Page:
One beautiful Wednesday morning I was golfing with the 9ers. The 9ers or 9 holers are a fabulous group of women who love to play golf…just not 18 holes. For most of the round, we enjoy nature while socializing, encouraging and sympathizing with each other on every hole and every shot. On this particular par 5, I hit my drive about 200 yards…okay maybe 125 yards! As it’s flying through the air, Charlotte, my friend and golf partner shouts out, “Nice shot. A shame your ‘towards’ was off.” As a golfer, I’ve become familiar with many terms such as ‘chili-dip’, ‘shank’, ‘hook’ and LPGA…’last putt goes again’ not the Ladies Professional Golf Association. ‘Towards’ was a new one. I looked at Charlotte with a ‘what does that mean’ look and she said, “It’s a southern expression meaning the shot was off line…nowhere near the hole.”
This got me thinking…how many words or terms do we use that we understand but are head-scratchers for others?
In my family, one of those words is ‘becky’. I apologize if the following is a little indelicate but it is what it is! From the early age of 4, I remember when someone made a ‘stinky’ someone else would pinch their nose and say, “Oh, becky”. Kids are sponges. Absorbing, repeating and imitating words, phrases and actions they hear and see. So it was with ‘becky’. When I was older, having been questioned many times by my friends as to what’s a ‘becky’ and where did it come from, I asked my Mom. First thing she did was take me to another room, closed the door and swore me to secrecy. Before I was born, someone in the family had an ‘accident’ and Mom was tasked with bringing the soiled suit to the cleaners. After getting her receipt and before she could make her escape, the owner of the store came out from the back and bellowed to his wife, “Becky, what’s that smell?” Hence, ‘becky’ was born.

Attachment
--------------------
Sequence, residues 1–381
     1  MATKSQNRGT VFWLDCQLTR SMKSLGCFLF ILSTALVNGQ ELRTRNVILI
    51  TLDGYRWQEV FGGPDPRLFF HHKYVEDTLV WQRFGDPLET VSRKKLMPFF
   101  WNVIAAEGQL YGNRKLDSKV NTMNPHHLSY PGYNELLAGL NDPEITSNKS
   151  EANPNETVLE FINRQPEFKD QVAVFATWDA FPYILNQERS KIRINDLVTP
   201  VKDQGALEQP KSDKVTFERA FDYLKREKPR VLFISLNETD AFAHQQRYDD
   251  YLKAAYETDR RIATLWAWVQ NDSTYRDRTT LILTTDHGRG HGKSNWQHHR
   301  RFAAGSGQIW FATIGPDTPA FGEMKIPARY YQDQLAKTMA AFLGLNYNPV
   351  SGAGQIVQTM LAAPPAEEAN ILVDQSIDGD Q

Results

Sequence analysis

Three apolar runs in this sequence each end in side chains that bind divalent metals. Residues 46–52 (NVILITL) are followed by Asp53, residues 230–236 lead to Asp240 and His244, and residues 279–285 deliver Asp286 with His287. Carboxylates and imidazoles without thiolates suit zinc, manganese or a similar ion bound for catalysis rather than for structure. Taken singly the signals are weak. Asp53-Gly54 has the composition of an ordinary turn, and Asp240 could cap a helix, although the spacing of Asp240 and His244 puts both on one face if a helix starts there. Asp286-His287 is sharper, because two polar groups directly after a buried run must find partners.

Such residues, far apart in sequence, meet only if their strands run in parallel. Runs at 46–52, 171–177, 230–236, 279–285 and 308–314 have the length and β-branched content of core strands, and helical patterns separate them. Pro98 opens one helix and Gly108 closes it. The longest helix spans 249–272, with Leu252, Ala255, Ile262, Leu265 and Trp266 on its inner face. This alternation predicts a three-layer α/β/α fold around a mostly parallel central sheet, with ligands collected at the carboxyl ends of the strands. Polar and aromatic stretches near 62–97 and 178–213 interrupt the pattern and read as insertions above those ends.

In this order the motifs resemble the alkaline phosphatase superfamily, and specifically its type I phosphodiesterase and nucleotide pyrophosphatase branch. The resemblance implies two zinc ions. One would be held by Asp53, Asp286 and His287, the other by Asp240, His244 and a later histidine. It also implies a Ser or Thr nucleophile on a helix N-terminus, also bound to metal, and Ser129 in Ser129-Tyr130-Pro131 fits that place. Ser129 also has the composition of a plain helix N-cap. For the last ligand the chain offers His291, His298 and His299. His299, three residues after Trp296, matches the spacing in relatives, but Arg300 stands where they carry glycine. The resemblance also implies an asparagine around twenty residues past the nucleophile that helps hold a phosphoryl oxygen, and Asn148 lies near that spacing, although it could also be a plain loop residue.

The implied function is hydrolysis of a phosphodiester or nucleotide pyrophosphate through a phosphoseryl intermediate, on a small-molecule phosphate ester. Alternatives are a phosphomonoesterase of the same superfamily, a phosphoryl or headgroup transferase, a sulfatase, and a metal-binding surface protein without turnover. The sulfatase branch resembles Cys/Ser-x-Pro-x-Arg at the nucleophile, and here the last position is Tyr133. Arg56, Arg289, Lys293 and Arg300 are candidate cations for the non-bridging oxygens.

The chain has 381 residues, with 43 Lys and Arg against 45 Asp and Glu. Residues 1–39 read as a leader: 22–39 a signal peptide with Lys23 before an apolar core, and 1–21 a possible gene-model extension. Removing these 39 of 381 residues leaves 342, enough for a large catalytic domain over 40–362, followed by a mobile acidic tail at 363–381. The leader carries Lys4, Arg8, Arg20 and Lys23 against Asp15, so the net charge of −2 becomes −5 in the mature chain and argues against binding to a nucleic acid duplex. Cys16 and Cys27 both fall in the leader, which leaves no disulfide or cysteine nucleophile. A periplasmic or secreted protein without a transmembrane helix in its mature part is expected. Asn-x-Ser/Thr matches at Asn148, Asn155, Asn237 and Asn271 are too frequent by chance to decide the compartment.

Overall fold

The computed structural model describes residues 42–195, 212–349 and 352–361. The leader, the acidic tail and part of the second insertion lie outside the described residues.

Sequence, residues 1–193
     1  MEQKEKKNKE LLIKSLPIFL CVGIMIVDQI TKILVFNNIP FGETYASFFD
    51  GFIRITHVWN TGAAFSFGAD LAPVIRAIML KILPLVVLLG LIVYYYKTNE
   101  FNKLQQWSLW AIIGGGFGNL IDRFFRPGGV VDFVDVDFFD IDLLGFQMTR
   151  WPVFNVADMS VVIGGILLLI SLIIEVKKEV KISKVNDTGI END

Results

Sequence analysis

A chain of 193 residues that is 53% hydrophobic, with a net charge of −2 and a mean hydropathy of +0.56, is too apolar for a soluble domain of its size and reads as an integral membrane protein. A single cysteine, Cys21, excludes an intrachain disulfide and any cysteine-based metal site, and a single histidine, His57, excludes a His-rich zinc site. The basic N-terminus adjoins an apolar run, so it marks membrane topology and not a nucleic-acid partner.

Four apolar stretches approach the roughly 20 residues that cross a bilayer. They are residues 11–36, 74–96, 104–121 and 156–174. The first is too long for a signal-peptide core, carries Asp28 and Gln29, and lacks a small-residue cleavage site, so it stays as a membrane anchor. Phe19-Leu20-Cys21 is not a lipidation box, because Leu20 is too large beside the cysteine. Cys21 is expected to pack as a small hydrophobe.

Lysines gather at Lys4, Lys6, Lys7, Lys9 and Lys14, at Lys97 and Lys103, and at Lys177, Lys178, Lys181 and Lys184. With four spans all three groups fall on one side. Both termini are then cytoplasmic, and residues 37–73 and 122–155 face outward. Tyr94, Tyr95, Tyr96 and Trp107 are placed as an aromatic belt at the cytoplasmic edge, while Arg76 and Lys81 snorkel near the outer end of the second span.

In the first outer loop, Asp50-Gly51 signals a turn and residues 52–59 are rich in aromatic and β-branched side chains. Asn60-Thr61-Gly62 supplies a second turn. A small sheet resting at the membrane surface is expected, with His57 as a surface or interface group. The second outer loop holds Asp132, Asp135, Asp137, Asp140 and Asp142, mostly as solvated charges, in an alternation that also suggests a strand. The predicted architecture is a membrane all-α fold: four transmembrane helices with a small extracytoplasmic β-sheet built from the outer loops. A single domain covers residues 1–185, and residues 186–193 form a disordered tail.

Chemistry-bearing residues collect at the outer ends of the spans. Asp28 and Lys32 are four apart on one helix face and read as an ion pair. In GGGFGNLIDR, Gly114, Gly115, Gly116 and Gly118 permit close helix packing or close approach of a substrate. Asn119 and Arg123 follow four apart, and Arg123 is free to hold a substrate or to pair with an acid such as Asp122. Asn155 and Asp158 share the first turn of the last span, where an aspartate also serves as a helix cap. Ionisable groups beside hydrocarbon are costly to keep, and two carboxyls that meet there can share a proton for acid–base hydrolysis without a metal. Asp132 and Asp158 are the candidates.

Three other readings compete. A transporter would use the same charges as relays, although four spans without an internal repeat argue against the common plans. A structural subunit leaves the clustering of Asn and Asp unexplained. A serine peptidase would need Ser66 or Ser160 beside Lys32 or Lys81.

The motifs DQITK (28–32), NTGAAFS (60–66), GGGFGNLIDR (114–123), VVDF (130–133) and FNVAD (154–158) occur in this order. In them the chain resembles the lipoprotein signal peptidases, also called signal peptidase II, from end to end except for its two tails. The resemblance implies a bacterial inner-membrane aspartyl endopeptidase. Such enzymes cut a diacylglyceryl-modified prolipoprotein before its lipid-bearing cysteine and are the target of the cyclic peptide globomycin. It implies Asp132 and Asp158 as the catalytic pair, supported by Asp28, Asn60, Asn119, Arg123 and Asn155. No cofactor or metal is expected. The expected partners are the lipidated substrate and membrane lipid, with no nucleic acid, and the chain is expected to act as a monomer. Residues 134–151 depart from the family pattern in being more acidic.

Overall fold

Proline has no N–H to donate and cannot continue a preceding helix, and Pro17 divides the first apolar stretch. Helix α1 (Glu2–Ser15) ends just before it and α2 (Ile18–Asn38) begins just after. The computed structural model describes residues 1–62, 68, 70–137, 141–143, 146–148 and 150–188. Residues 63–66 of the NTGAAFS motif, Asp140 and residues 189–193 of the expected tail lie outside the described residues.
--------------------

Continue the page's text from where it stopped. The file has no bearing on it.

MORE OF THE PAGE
Remember your first jalopy? The other day while talking with a friend, we started to reminisce about the past and growing up. She said she was sharing with one of her grandsons, who had just gotten his first car, that her first car was an old jalopy. She said, he looked at me quizzically and asked “What the heck is a jalopy?” Words.
Language, words and phrases are constantly changing. New words and phrases are slipping into our daily vocabulary while others are falling out of use. Technology has had an impact on expressions that have become obsolete. Remember ‘don’t touch that dial’, ‘carbon copy’ and ‘you sound like a broken record? Today, TV’s don’t have dials, carbon paper is seldom used because typewriters are seldom used and, though vinyl is making a come-back, records are few and far between.
Back in the ‘good old days’ if you had moxie you were going like sixty and considered the cat’s meow. If all was good and life was swell, you were in like Flynn and living the life of Riley and no one could accuse you of being a knucklehead, a nincompoop or a pill.
So as life changes, let’s remember to wake up and smell the roses and, God willing and the creek don’t rise, I hope to see you in the funny pages.